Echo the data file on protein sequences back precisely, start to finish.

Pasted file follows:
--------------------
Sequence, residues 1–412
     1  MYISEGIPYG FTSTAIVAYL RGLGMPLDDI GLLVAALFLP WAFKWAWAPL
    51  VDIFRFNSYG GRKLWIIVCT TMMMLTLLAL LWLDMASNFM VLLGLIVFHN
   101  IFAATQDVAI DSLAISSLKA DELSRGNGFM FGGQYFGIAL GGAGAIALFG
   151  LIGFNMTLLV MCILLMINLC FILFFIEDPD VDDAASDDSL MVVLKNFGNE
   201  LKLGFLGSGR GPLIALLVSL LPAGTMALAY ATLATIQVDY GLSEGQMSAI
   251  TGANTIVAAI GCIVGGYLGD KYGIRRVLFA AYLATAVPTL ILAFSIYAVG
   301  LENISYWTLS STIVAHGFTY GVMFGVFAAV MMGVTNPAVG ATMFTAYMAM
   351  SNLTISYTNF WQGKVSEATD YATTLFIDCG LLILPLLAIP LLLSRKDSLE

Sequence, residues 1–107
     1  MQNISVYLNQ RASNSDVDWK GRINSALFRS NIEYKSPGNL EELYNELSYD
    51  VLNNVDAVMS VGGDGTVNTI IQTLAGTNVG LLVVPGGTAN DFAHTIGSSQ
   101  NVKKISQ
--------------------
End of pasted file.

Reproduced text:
Sequence, residues 1–412
     1  MYISEGIPYG FTSTAIVAYL RGLGMPLDDI GLLVAALFLP WAFKWAWAPL
    51  VDIFRFNSYG GRKLWIIVCT TMMMLTLLAL LWLDMASNFM VLLGLIVFHN
   101  IFAATQDVAI DSLAISSLKA DELSRGNGFM FGGQYFGIAL GGAGAIALFG
   151  LIGFNMTLLV MCILLMINLC FILFFIEDPD VDDAASDDSL MVVLKNFGNE
   201  LKLGFLGSGR GPLIALLVSL LPAGTMALAY ATLATIQVDY GLSEGQMSAI
   251  TGANTIVAAI GCIVGGYLGD KYGIRRVLFA AYLATAVPTL ILAFSIYAVG
   301  LENISYWTLS STIVAHGFTY GVMFGVFAAV MMGVTNPAVG ATMFTAYMAM
   351  SNLTISYTNF WQGKVSEATD YATTLFIDCG LLILPLLAIP LLLSRKDSLE

Sequence, residues 1–107
     1  MQNISVYLNQ RASNSDVDWK GRINSALFRS NIEYKSPGNL EELYNELSYD
    51  VLNNVDAVMS VGGDGTVNTI IQTLAGTNVG LLVVPGGTAN DFAHTIGSSQ
   101  NVKKISQ